Snooker star John Virgo led the tributes to Willie Thorne at an emotional memorial service held in Spain today as his son revealed he will be buried back in the UK.
More than 80 people packed a community centre to say farewell to the 66-year-old who died last week while undergoing treatment for leukaemia.
Neither his ex-wife and former Miss GB Jill Saxby, who revealed last week that they spoke ‘every day’ before his death, or celebrity friends such as Gary Lineker and Steve Davis could be there due to Covid travel restrictions.
Instead Virgo joined Thorne’s twin sons Tristan and Kieren and daughter Thali at the Cristo Resucitado Ecumenical Centre in Alicante.
Standing next to a large floral tribute spelling out ‘Willie’ and a black and white photograph of the star in his heyday, Virgo fondly remembered their days together on the BBC TV series Pot Black.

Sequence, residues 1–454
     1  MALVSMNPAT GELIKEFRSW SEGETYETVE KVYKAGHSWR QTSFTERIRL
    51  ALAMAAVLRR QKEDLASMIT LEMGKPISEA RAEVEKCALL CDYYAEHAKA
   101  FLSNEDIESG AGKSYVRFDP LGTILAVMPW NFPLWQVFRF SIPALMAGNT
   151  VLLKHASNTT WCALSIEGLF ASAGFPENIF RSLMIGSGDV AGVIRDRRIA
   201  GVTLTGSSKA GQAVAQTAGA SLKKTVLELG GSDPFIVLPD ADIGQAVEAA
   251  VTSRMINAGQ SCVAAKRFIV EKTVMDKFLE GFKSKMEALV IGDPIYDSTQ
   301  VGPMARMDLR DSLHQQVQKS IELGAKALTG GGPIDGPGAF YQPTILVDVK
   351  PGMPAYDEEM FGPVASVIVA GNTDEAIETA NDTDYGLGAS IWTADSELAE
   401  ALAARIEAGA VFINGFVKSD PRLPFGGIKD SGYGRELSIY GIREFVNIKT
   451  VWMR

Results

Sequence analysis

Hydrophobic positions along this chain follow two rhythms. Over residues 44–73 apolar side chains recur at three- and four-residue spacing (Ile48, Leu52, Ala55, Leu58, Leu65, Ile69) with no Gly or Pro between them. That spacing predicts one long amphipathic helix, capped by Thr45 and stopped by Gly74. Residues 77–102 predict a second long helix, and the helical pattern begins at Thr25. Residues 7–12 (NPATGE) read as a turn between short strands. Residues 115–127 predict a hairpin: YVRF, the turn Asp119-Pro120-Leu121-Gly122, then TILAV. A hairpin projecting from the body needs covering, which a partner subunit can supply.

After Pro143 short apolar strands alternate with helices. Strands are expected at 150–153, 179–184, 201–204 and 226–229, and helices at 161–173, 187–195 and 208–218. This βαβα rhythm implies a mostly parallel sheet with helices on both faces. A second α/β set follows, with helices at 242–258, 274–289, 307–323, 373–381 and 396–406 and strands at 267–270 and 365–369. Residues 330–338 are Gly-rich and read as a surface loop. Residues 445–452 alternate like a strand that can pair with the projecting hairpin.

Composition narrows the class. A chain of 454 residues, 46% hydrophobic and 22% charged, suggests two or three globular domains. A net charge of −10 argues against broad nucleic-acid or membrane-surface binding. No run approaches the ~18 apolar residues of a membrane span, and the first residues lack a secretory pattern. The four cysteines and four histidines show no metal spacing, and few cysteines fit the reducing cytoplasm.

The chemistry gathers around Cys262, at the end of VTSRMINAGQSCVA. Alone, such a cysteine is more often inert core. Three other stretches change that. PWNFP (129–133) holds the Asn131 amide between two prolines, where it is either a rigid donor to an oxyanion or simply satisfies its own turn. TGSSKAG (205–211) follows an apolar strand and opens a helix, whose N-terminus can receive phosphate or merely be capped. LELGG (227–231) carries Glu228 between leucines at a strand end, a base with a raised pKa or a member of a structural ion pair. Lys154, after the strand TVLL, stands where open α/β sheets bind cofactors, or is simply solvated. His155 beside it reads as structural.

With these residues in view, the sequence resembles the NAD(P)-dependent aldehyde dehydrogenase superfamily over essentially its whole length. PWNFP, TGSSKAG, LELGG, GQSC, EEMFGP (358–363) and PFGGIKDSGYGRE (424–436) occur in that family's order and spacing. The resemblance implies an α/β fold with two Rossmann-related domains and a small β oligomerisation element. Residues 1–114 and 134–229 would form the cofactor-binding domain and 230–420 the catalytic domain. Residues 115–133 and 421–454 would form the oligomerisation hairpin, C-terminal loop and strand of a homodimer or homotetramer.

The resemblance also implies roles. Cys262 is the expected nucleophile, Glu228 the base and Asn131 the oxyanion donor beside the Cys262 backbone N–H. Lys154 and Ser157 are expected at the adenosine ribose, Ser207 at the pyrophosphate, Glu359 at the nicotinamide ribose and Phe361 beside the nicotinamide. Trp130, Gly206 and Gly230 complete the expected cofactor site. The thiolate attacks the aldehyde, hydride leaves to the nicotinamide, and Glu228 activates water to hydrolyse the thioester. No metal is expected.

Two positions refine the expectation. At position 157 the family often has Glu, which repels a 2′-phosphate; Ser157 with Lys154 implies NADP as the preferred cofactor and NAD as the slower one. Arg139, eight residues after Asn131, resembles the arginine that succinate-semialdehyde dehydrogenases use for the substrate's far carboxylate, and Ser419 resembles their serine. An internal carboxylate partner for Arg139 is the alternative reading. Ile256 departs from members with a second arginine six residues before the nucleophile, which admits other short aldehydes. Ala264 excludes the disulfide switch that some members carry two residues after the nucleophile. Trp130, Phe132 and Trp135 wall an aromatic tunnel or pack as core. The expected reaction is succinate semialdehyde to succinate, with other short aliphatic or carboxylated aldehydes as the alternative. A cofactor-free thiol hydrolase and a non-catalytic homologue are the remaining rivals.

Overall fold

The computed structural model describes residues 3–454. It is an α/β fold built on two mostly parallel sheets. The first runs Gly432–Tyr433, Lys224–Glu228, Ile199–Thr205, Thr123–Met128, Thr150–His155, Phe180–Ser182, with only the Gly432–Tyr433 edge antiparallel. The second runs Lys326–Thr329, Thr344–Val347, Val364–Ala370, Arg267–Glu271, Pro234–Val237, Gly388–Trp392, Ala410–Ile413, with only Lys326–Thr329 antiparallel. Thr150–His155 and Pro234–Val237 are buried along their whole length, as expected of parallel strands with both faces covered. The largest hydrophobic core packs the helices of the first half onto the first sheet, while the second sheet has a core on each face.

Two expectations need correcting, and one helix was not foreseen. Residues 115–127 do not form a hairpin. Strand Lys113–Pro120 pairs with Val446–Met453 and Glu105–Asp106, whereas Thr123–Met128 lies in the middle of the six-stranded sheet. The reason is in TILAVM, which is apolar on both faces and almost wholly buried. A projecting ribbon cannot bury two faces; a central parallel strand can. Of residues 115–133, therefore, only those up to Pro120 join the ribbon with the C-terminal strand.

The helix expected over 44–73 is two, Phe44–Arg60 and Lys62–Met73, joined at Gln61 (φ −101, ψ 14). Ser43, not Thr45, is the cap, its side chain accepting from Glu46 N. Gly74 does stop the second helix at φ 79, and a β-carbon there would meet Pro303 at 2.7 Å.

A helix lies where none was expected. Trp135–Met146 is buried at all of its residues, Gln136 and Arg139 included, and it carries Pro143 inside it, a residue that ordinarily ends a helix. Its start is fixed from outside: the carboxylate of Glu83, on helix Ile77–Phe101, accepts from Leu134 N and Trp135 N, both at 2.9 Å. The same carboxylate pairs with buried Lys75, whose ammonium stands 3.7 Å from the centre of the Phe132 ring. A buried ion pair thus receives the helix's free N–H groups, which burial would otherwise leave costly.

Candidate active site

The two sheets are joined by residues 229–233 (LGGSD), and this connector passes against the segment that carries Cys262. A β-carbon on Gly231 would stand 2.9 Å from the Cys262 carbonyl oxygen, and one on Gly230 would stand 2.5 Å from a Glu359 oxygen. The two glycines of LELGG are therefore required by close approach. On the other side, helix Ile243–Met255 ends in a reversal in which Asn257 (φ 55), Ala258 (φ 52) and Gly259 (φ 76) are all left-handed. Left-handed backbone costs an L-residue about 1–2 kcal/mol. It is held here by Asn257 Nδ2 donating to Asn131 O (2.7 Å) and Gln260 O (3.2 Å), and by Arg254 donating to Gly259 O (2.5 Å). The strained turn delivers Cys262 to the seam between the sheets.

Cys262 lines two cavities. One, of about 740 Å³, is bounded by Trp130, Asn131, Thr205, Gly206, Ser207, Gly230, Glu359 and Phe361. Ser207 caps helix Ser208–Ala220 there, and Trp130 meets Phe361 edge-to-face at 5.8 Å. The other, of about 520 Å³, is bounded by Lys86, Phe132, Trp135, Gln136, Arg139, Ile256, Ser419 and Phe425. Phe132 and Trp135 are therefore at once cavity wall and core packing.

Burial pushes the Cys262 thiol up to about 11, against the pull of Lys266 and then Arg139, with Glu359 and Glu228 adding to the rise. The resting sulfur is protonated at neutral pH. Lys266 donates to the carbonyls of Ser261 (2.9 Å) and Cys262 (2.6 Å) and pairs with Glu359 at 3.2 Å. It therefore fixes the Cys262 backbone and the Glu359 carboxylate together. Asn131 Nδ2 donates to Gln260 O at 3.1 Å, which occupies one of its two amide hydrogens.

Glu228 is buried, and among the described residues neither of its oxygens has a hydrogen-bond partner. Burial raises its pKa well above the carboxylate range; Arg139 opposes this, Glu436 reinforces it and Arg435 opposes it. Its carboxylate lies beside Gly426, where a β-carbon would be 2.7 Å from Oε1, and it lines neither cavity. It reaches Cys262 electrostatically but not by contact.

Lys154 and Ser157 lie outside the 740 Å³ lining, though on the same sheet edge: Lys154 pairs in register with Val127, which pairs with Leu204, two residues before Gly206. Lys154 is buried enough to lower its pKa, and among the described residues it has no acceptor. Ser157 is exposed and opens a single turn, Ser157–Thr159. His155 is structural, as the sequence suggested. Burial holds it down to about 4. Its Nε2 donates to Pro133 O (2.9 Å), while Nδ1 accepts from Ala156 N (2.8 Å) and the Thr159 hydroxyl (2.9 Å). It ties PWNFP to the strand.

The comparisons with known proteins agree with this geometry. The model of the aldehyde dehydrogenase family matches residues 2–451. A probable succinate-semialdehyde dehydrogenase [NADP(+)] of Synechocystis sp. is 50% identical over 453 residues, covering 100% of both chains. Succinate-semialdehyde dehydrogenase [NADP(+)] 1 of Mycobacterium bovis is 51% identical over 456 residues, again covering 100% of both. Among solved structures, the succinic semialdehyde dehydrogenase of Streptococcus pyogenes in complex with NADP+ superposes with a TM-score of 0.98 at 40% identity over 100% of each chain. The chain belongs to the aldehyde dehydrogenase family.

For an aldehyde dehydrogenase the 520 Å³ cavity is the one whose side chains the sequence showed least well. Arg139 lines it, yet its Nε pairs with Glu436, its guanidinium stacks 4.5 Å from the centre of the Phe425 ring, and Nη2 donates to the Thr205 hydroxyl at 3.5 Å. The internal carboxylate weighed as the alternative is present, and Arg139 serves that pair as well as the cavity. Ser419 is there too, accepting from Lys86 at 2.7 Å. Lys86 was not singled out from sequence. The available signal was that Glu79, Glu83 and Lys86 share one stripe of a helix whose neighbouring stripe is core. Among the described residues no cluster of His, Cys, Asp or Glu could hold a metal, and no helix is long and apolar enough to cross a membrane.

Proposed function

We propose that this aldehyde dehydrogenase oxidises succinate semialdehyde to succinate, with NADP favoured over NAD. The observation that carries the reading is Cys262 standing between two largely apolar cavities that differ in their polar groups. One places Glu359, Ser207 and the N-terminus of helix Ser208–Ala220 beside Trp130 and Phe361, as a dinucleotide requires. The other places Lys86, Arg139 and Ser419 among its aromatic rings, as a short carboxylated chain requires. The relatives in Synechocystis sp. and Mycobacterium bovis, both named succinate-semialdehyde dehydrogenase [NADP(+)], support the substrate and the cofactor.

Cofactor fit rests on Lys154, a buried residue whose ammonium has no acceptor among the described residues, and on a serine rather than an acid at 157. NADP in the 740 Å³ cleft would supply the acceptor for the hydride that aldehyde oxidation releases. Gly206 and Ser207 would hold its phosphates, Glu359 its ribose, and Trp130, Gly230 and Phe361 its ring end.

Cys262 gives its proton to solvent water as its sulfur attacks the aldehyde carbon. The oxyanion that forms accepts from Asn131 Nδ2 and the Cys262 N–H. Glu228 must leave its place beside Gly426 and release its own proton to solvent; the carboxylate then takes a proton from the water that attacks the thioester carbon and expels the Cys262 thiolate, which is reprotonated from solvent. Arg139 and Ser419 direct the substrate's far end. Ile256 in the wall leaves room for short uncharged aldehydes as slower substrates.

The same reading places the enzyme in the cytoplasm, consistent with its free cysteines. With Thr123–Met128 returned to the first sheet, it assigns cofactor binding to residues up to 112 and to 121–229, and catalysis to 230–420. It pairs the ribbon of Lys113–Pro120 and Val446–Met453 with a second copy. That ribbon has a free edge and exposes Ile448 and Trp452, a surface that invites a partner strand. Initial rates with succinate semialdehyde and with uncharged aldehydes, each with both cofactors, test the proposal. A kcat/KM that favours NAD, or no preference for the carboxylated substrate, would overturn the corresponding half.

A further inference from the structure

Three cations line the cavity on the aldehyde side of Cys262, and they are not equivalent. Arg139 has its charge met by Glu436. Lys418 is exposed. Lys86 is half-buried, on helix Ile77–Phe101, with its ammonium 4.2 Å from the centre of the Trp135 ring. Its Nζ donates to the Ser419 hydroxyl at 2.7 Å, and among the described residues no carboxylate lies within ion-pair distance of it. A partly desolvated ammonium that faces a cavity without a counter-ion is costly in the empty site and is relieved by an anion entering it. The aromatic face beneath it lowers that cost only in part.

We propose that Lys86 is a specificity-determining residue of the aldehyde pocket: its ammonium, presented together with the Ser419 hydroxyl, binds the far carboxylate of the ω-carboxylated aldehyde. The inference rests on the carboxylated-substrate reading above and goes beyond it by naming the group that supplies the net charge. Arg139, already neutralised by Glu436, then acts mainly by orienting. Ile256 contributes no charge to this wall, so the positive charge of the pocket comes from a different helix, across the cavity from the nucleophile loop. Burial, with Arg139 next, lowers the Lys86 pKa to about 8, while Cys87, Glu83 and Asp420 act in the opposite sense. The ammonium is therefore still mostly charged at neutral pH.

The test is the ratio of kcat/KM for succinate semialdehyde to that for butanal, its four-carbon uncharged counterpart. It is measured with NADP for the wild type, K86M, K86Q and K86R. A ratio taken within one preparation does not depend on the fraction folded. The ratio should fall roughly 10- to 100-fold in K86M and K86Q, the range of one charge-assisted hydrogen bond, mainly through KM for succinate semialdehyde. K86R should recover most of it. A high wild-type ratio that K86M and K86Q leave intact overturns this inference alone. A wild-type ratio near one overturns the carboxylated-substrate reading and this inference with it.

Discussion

He said: ‘When we were doing Pot Black they were looking for a good looking player, and Willie beat me to it. It was Willie who was the good looking one.
Snooker star John Virgo led the tributes to Willie Thorne at an emotional memorial service held in Spain today as his son revealed he will be buried back in the UK. More than 80 people packed a community centre to say farewell to the 66-year-old who died last week while undergoing treatment for leukaemia
Snooker players Willie Thorne (left) and John Virgo during their first round match at the World Snooker Championship at the Crucible Theatre, Sheffield, April 1983. Thorne won 10-3
Flowers and a note left at Willie Thorne’s memorial service in Spain. The memorial service was overseen by Pastor Keith Brown, who read a poem for Thorne’s children